The Diamond Handkerchief

Once there was a weaver who was known far and wide for his excellent weaving. One day, at the end of a long day’s weaving, he put a new warp on his loom of the very finest linen thread, and wove a handkerchief in a beautiful diamond pattern. It was so soft and light that you could have blown it away with one puff, and it was so perfectly and delicately made that he had a dozen buyers eager to buy it straight away.

But the weaver put a very high price on it, because, he said, it was no ordinary handkerchief. If it was folded the right way and held up to the light, a person could see their future.

At last a very wealthy lady came and demanded that he sell it to her. She paid him a great deal of money for it. As soon as she got home, she folded it just so and held it up to the light. Immediately she gave a sharp cry and threw the handkerchief down as if it had burned her fingers. “Take this horrible thing and throw it in the dustbin!” she said, for she had seen her own face, covered in lines and wrinkles, staring into a mirror in an empty house, with nothing in it but bags of money.

Her servant girl, Marie, picked up the handkerchief and tucked it into her apron. A fine linen handkerchief was hard to come by, especially one with such a pretty pattern, she thought. She kept it for many years, but no matter which way she folded it, she never saw even a hint of her future. When she was very old, she gave it to her daughter, Marisa, and when she was very old, she gave it to her daughter, whose name was Marisette.

Now Marisette was a strong, hard-working girl, small for her age and not particularly pretty, but as brave as a lion. One day, when her mother was old and sick, and she took out the handkerchief to wipe her mother’s face and hands, she happened to fold it a certain way, and pass it in front of the candle in her mother’s room, and she saw the most surprising thing.

She saw a handsome young man, with dark wavy hair and a way of limping when he walked. He was building a house, but then he turned with such a look of sweetness and joy on his face that Marisette’s heart melted and she loved him with all her heart. Then her mother called, and she unfolded the handkerchief to wipe her mother’s face. After that of course she couldn’t see a thing in the handkerchief, and if it weren’t that her heart was completely given away, she would have thought it was all her imagination.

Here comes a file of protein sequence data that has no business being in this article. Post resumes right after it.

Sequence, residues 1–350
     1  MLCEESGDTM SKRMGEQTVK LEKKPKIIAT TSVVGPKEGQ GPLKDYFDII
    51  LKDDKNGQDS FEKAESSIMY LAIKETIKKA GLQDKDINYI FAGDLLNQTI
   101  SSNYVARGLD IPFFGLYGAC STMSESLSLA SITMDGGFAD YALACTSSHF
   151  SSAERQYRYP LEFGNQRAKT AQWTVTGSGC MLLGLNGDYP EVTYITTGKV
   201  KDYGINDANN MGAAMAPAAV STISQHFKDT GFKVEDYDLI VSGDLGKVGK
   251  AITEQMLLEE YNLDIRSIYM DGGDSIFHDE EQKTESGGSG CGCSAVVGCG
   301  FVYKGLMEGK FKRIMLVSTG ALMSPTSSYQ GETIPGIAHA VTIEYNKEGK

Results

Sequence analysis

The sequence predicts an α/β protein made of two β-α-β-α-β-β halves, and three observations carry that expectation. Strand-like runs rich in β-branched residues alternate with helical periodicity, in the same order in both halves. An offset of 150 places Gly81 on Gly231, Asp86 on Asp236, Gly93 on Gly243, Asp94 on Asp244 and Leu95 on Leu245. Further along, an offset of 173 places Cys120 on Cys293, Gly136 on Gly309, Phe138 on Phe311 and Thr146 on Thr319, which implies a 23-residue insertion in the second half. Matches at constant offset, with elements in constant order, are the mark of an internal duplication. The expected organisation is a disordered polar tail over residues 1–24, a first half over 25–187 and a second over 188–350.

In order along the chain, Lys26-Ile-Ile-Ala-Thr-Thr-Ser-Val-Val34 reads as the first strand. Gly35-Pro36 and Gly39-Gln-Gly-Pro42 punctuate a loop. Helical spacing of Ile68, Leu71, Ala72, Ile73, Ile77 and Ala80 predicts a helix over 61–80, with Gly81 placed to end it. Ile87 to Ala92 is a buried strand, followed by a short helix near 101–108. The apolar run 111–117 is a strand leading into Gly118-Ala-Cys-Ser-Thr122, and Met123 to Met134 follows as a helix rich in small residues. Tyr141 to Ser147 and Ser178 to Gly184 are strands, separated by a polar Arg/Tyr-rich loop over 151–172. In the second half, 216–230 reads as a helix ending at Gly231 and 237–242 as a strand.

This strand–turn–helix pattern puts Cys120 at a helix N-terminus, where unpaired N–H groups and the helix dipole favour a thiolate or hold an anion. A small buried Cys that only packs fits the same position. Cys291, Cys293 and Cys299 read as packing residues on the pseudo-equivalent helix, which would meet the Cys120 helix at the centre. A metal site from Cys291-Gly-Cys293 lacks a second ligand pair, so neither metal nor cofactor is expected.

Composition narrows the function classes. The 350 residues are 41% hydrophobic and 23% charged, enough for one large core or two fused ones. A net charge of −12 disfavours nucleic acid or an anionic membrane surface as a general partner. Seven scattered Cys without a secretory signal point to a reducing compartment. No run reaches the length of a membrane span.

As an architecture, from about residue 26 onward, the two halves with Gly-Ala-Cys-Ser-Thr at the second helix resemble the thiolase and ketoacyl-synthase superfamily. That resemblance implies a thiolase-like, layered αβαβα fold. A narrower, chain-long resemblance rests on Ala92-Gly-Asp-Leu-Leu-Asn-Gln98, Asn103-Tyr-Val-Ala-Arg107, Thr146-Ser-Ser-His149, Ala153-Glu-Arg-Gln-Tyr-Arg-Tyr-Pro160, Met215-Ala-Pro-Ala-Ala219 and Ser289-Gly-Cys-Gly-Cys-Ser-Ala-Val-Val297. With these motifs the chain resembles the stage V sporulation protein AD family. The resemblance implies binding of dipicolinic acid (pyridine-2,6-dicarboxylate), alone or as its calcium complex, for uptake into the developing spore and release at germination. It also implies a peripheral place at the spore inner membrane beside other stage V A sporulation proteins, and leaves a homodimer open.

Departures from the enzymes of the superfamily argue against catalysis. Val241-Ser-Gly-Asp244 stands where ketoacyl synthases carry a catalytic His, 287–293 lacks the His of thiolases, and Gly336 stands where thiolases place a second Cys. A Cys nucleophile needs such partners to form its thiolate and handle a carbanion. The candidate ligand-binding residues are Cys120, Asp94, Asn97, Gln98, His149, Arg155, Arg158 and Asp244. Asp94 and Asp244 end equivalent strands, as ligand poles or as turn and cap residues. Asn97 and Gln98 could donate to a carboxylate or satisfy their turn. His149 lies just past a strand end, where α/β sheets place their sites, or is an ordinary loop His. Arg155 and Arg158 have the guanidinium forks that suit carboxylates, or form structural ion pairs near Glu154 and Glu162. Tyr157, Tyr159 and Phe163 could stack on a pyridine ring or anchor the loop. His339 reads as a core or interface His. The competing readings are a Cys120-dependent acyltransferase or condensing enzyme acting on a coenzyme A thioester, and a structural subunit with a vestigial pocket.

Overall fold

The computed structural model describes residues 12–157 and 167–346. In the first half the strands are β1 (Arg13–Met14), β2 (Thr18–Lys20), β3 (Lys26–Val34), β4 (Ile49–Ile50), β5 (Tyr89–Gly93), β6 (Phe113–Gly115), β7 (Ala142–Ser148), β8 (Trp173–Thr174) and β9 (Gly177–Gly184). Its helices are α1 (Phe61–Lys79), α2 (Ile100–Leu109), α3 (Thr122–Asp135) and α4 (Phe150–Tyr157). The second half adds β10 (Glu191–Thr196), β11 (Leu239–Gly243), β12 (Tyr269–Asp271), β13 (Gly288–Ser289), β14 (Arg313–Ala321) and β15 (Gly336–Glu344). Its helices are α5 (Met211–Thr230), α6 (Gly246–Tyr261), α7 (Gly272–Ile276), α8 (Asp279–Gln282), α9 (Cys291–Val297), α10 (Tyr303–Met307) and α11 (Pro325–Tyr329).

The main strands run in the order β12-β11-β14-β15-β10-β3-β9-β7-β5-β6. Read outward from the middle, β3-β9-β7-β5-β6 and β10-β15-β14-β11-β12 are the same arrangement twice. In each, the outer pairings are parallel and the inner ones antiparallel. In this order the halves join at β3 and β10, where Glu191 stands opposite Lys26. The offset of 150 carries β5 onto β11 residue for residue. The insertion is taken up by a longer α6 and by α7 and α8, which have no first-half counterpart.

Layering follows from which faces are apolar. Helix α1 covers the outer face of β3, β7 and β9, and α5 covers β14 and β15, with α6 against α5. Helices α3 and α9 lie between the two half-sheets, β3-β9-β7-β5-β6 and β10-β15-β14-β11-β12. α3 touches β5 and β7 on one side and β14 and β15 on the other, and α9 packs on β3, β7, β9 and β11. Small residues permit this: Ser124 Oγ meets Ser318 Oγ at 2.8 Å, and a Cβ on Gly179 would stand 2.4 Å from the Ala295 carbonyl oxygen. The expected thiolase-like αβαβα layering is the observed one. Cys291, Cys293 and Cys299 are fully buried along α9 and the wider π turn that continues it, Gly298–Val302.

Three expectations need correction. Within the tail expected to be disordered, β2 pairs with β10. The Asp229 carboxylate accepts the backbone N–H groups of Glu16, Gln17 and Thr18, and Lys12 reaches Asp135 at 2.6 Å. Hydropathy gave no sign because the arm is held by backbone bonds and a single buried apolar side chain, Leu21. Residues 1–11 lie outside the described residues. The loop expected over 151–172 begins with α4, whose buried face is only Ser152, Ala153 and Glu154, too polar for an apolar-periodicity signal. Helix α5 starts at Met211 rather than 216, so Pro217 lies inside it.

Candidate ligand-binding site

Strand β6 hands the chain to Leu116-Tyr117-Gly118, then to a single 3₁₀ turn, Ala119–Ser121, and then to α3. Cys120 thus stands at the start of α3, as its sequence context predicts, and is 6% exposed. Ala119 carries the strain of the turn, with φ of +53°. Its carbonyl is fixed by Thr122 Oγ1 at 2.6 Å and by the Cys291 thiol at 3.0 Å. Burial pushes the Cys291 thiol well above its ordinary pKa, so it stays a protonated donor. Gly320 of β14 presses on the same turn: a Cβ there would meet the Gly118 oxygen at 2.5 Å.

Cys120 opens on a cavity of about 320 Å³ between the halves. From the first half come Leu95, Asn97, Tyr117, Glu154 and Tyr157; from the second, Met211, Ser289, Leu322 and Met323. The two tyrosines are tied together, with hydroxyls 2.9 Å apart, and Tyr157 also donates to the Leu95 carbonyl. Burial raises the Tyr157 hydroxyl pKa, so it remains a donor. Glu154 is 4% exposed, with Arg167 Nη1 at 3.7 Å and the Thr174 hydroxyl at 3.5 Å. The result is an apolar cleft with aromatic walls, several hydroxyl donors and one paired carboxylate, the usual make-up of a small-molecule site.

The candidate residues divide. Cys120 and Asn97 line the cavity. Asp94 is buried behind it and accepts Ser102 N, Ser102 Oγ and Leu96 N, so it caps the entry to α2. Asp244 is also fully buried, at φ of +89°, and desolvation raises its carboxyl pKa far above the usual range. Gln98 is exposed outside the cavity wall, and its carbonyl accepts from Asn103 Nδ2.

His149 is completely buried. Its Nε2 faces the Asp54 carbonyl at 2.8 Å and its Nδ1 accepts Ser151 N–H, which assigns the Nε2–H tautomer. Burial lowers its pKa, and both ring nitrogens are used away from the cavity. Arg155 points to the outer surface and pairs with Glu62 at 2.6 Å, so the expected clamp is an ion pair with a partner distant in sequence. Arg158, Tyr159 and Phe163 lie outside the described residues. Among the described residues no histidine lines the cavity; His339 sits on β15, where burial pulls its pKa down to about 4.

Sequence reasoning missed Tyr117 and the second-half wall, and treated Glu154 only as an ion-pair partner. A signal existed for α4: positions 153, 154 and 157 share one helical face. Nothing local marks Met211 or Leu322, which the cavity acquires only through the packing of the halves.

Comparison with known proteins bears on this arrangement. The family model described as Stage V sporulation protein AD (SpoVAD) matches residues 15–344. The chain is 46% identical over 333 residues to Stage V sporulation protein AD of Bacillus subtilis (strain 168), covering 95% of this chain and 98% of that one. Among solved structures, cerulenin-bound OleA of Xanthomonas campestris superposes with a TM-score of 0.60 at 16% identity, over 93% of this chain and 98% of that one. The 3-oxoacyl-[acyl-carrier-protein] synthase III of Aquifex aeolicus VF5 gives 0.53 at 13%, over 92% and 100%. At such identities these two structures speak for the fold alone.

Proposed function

Her mother got no better, and after a time, she died. Marisette had nothing left in the world except the clothes she was wearing, some pots and pans, and the linen handkerchief. She found a job in a hospital as a nurse, which came easily to her after so many years of nursing her mother.

Hurrying to work one day, she passed many young people laughing and dancing in the streets, because it was a fiesta day. Marisette had no time for a holiday, and besides, she had no bright, pretty clothes to wear. But as she hurried past, she noticed someone who made her stop and stare. It was the young man with the dark, wavy hair that she had dreamed of so long ago. But there was no sweetness in his face. His lip curled with pride, and he did not so much as glance at Marisette in her old dress. Marisette sighed and went on her way, leaving the sounds of music and laughter behind her.

A year went past, and a terrible war began. The hospital was full of people who had been injured, and soldiers who had been hurt in the fighting. Marisette and the other nurses worked day and night caring for them, cleaning and bandaging their wounds, and holding the hands of the dying.

One day a patient was carried in, a young soldier who had been badly hurt where the fighting was the worst. His friends had been killed and he had lost part of his leg. When Marisette saw him, she recognised the young man she had dreamed about so many years ago, the proud young man who had not spared a glance for her in the marketplace.

The young soldier had a terrible fever, and was close to dying. Marisette nursed him for days, hardly sleeping. For almost a week he hovered between life and death, but finally the fever left him. Marisette brought warm water and washed him gently. She combed the tangles from his hair until it lay soft and wavy on his pillow. When he finally opened his eyes, it was to see Marisette smiling gently at him. He smiled back, with so much sweetness that she almost dropped the bowl of water in astonishment. He was looking at her as though he loved her as she loved him. And so he did.

As soon as he was well enough, they were married. Marisette carried the diamond handkerchief tucked into her wedding dress, and when her baby daughter, Marisena, was born, she sewed the handkerchief into the baby’s shawl. And if, from time to time the shawl hung in a certain way so that the handkerchief was folded and the sunlight shone through it, and the baby looked at it and giggled and cooed, Marisette said nothing, but kissed the baby and smiled.

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